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Publication Title | SYNTHETIC FUELS AND SECTION 29 TAX CREDITS

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SYNTHETIC FUELS AND SECTION 29 TAX CREDITS

Clark D. Harrison, President CQ Inc.

INTRODUCTION

The synthetic fuel tax credit was passed during the Carter administration to reduce U.S. dependence on foreign oil. The tax credit is intended to subsidize commercial projects or ventures that may otherwise be unattractive to investors. It applies not only to solid synthetic fuels produced from coal, but also to:

• Liquids and gases produced from coal

• Gas recovered from coal beds

• Gas recovered from municipal solid waste disposal facilities

• Oil derived from shale

• Oil derived from tar sands

• Coke ovens

Although a number of recent projects involve recovering coal from gob, impoundments, or silt banks, the credit pertains to synthetic fuels produced from coal, regardless of the feedstock source.

The credit is determined based on the energy content of the synthetic fuel produced compared to the energy content and price of a barrel of oil. In 2000, the value of the credit is expected to be about $1.10/MBtu and it is earned by the taxpayer according to the number of Btus of synthetic fuel sold. If additives, binders, or supplements are included in the synthetic fuel, only the Btus attributed to the coal are subject to the credit.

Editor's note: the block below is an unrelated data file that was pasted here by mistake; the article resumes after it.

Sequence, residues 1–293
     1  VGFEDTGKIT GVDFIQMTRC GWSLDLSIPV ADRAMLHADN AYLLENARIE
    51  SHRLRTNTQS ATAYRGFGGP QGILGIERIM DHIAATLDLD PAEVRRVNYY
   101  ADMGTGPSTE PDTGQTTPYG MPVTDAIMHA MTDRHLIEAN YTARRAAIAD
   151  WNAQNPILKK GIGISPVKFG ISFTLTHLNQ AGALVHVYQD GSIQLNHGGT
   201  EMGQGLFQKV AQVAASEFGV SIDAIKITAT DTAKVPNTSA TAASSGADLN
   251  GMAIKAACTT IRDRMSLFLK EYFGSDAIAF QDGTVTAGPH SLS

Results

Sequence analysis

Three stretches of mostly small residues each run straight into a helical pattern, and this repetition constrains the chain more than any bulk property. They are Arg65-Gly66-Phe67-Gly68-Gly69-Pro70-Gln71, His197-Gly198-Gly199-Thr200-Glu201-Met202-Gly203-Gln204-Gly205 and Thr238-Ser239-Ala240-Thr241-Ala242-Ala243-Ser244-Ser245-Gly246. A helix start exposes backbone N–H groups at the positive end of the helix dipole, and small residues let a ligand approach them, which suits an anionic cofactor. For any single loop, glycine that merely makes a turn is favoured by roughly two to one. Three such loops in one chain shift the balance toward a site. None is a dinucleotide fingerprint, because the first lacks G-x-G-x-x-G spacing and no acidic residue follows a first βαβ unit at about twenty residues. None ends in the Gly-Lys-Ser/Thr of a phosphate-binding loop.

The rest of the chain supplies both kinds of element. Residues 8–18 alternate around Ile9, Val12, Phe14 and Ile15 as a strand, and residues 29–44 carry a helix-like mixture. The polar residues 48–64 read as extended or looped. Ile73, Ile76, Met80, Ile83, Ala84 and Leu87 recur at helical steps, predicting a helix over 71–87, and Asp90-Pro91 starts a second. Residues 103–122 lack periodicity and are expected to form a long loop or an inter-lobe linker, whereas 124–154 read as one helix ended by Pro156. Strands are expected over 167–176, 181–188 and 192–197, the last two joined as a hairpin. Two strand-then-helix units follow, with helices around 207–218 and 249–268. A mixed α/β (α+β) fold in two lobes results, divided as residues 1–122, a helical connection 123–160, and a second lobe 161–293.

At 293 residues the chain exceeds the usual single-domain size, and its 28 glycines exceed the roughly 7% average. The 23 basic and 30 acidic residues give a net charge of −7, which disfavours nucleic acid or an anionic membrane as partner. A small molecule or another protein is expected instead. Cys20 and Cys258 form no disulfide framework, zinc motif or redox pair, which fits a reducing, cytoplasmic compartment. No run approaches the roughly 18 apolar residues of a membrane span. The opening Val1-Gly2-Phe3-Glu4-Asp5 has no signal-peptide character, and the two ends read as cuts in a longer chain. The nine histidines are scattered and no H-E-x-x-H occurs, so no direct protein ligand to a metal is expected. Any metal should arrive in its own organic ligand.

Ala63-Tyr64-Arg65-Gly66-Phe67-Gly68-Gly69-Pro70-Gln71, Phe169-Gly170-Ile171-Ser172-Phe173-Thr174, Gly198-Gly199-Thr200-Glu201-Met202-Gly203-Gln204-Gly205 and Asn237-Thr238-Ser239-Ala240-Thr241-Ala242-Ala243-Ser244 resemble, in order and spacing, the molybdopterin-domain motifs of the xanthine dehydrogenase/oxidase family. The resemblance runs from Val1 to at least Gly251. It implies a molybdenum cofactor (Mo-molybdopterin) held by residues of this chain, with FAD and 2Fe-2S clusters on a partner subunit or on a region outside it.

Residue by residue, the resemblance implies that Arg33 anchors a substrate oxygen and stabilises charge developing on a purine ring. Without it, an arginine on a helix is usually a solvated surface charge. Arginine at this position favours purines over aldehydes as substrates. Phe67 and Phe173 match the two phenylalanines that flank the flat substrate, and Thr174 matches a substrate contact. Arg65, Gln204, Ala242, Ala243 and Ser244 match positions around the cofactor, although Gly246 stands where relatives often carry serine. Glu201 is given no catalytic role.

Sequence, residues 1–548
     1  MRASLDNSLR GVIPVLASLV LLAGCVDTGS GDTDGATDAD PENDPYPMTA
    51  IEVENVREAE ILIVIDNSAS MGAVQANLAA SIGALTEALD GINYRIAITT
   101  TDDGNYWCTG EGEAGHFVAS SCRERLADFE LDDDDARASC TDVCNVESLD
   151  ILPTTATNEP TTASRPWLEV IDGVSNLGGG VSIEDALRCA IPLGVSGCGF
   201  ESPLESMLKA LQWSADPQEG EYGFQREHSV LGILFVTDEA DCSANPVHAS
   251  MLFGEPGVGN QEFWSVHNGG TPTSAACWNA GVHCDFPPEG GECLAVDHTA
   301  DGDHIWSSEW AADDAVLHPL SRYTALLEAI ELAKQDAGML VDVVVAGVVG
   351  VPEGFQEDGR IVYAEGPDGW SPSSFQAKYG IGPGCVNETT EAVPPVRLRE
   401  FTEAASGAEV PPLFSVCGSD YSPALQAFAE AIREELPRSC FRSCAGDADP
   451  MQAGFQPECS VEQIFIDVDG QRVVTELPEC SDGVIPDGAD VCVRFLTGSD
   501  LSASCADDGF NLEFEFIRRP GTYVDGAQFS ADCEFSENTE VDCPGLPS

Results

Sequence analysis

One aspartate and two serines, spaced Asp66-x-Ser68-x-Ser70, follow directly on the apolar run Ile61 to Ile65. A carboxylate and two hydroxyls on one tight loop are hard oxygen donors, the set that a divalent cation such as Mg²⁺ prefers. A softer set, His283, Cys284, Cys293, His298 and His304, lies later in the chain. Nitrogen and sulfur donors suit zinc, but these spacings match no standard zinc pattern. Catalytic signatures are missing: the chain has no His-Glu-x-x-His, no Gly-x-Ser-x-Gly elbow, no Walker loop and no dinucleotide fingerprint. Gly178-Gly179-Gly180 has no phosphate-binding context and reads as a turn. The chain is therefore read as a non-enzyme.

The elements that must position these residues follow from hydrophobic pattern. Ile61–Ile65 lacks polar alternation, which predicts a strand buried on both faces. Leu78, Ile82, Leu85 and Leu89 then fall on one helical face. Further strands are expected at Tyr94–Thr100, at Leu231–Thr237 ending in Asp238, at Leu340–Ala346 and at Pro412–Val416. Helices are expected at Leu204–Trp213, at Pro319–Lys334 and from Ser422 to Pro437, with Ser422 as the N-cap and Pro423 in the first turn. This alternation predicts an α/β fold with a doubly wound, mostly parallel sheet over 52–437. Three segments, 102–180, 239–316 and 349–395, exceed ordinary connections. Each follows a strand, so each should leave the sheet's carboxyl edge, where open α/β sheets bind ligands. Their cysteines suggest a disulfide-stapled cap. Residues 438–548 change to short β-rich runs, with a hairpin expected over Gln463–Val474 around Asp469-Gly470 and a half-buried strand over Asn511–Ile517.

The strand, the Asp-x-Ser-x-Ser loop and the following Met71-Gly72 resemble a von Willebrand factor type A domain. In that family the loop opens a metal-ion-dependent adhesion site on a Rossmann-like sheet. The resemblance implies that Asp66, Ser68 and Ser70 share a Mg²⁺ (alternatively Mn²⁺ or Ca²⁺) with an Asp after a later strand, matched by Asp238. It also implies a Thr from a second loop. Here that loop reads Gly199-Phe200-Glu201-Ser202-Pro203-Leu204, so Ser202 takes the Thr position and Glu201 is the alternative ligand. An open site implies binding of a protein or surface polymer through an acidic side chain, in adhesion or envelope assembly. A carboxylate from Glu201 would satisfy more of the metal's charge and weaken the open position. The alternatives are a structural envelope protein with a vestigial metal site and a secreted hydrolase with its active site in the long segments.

To qualify for the credit, the taxpayer must satisfy four criteria:

• Production of a qualified fuel

• Ownership of a qualified facility

• Status of the taxpayer

• Proper project structure

Each of these criteria is discussed below in more detail.

QUALIFIED FUEL

In the case of solid synthetic fuels, the taxpayer must demonstrate that the fuel is derived from coal. The coal source may be anywhere in the U.S. and the coal may be of any rank from lignite to anthracite. The taxpayer does not have to produce the coal or own any reserve.

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